• Better reconciliation and reporting since local, state, and national would share data in one place.
  • Receiving funds and data in real-time.
  • Better quality of data.
  • Reducing barriers to joining and renewing.

 

How NAHB found a solution

 

A task force made up of representatives from the membership, finance, executive, and legal departments was formed. IT came in late to the process although they really should have been involved from the beginning. The finance team spearheaded the project since they’re in charge of dues and dollars. “But, the task force couldn’t find a vendor who had a turnkey solution in place,” said Joe. “So they decided to contract with a development shop to build a solution for them—an expensive scenario.”

 

 

Meanwhile, Joe spent a few days out of the office. “I was wandering the aisles at the ASAE Tech Conference and found the solution the task force was looking for but missed,” said Joe. “It even solved the dues-splitting issue.” He found Billhighway and brought his discovery back to the task force who started the vetting process.

According to Joe, here’s what NAHB’s IT department looked for in a vendor:

  • A solid backend that provides PCI compliance and data security.
  • Integration with local HBA systems/databases.
  • The vendor has other clients who will also use any customizations initiated by NAHB—this ensures the customizations will continue being supported by the vendor.
  • The product will continue to evolve.

 

Joe said it’s also critical that you help your IT vendor understand any relevant internal or political issues so they’re prepared for meetings with association decision-makers and stakeholders.

 

Tips for selling a new process and technology to components

 

The new solution NAHB created is called DuesHub. Joe said,

However, we couldn’t mandate the use of DuesHub by the local and state HBAs, We don’t have that authority. We can only encourage adoption.

 

The key to encouraging components to adopt a new technology or process is to treat them like partners and get the right people involved from the start.

NAHB created a member-led task force to provide insight. This group of members and EOs from local associations and a few state associations included some skeptics too. They helped NAHB sell DuesHub to the local HBAs later: “36 of your local peers on the task force came up with this idea.”

 

Joe shared two lessons from this part of the project:

  • Lesson One: They should have included more state and local EOs in the mix and communicated more directly with them. NAHB assumed the state and local HBAs would share info with their peers, but not all of them did so some states and locals didn’t know what was going on which made getting their buy-in more difficult.
  • Lesson Two: They didn’t engage AMS vendors early enough in the project which caused some integration heartburn later. If they had done more work upfront on that, it could have resulted in better adoption during the early phase of the roll out.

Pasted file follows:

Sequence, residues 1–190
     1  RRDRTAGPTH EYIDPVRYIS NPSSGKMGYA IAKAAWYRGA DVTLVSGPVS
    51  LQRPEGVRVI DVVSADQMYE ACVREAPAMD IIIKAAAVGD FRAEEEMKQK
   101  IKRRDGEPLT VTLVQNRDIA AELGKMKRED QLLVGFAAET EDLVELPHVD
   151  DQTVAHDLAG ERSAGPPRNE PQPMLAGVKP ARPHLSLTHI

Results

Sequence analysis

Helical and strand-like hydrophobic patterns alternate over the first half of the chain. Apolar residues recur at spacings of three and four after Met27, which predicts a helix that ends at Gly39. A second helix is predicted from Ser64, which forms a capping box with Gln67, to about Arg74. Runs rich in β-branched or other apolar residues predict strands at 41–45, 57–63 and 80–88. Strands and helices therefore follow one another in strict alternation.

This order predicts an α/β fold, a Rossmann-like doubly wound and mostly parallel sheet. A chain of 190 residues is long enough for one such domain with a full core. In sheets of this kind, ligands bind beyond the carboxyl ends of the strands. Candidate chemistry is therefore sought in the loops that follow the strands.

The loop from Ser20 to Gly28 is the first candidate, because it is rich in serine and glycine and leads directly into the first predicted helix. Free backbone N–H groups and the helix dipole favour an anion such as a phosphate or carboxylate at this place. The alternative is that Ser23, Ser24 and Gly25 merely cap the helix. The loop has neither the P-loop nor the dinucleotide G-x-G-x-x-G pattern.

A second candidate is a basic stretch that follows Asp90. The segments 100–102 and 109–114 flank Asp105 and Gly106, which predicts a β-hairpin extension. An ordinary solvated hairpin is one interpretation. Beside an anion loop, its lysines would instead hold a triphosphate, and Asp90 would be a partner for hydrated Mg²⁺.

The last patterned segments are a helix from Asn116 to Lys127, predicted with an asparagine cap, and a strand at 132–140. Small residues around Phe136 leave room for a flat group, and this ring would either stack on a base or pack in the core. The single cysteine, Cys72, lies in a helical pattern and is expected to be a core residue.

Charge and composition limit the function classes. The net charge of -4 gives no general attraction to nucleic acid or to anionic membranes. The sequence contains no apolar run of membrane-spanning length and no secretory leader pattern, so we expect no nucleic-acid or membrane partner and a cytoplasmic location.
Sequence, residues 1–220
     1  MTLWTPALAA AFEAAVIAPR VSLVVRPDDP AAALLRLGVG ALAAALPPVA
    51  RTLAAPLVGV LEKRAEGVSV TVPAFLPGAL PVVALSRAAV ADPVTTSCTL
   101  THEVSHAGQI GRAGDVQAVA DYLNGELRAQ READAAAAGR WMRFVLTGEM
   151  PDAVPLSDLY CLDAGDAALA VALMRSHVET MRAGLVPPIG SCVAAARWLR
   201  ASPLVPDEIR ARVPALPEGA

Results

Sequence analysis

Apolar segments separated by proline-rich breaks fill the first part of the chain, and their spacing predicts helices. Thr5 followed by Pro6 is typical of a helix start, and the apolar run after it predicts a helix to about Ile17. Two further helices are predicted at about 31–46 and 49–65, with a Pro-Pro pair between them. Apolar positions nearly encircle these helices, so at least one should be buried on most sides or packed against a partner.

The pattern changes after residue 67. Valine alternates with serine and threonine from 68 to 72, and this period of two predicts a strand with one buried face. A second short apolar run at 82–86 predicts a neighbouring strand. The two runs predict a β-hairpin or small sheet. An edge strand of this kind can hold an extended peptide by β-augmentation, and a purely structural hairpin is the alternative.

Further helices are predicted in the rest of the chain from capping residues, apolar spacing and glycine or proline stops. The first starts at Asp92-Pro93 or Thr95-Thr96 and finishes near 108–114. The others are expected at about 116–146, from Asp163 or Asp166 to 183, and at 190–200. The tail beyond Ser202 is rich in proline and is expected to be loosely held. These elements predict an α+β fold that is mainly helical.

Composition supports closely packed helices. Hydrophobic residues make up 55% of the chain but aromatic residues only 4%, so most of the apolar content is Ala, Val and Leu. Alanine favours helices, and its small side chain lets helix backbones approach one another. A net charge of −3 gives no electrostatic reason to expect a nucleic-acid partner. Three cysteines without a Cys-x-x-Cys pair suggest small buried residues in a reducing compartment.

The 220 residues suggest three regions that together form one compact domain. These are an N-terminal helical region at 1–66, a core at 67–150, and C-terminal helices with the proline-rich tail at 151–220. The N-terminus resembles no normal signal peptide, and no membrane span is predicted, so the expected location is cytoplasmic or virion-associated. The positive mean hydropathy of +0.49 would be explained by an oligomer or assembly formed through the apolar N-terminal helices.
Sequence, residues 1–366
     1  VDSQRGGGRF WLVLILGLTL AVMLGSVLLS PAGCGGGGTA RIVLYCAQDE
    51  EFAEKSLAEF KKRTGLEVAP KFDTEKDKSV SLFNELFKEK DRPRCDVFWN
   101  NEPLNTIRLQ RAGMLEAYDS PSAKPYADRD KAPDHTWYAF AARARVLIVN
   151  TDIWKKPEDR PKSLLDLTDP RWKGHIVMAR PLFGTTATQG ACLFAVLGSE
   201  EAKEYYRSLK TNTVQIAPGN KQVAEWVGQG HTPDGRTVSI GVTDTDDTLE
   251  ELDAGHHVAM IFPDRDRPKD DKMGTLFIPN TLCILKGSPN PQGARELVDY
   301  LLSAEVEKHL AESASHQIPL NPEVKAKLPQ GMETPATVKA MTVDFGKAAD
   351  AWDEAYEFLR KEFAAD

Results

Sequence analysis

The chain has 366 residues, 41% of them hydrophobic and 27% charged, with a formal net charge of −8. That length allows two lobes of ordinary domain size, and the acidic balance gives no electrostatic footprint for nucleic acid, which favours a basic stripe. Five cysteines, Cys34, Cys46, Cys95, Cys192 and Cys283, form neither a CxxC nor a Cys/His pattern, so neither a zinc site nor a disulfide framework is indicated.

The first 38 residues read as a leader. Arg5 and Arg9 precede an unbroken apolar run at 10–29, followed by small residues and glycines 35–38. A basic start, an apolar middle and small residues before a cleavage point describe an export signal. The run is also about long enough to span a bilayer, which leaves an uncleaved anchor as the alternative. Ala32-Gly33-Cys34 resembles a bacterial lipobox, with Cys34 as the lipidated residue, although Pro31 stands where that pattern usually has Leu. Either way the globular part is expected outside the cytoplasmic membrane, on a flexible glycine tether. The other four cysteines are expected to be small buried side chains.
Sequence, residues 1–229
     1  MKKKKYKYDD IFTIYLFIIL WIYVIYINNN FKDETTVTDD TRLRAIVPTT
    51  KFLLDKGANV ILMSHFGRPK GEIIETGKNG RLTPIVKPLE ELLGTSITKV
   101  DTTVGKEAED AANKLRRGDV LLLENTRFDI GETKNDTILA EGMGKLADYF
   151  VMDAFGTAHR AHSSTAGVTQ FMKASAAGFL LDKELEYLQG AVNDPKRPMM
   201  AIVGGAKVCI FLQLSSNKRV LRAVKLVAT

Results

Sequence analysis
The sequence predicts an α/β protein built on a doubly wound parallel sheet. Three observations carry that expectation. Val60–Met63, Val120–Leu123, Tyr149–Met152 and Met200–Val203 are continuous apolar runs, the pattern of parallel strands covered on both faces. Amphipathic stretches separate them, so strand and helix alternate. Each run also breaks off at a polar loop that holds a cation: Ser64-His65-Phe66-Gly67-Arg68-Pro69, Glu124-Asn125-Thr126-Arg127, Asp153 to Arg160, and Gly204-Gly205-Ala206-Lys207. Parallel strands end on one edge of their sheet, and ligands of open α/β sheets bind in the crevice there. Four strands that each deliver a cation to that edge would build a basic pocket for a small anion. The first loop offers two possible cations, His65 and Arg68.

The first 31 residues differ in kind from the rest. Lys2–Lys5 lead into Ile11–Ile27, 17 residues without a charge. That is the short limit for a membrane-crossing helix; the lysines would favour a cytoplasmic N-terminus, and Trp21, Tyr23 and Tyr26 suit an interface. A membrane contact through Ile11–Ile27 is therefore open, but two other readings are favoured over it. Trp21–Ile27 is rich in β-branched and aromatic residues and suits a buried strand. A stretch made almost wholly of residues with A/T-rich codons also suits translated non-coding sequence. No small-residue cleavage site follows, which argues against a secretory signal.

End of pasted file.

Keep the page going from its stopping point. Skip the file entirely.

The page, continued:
DuesHub started with a pilot program. Joe said,

To find our early adopters, we asked ourselves who has the greatest pain and is also willing to try a new solution?

 

NAHB’s early adopters were the local HBAs who didn’t use an AMS and HBAs who used an AMS that didn’t provide an easy upload to the WMS system. These HBAs were more eager to try out a new process and system that would save them time and money.

 

 

The Billhighway team helped NAHB promote DuesHub to the local HBAs and get them set up with the new system. NAHB used the success stories and testimonials of the early DuesHub adopters to market the new solution to other HBAs.

 

An improved member and staff experience all around

 

Now, members can join and pay dues online using a local HBA-branded membership application. They can also sign up for membership auto-renewal. Members have more payment flexibility. They can pay dues annually, quarterly, or monthly. They can pay by credit card, ACH, or paper check. Payments are automatically split and the appropriate amount is sent to the local, state, and national association.

Local staff no longer have to manually complete or batch monthly membership reports because the new system is fully integrated with NAHB’s system. Membership data is passed along automatically within minutes. Membership is live in real-time. New members no longer have to wait for their national membership to become active.

 

 

NAHB, state, and local staff (and volunteers) spend much less time on the membership application, renewal, and payment processes. Local and state staff are no longer dependent on the monthly NAHB membership reports. They can use DuesHub to view and edit live member data.

Data quality is much improved. NAHB discovered members they didn’t know about. Members have consistent anniversary dates. Because it’s easier for members and staff to update member profiles, data is more accurate.

Joe had one more piece of advice about technology. “What I find most valuable at conferences is walking around and checking out the tech vendors you don’t know,” he said. “Find out what they do. It may come in handy someday.” In Joe’s case, it came in handy right away.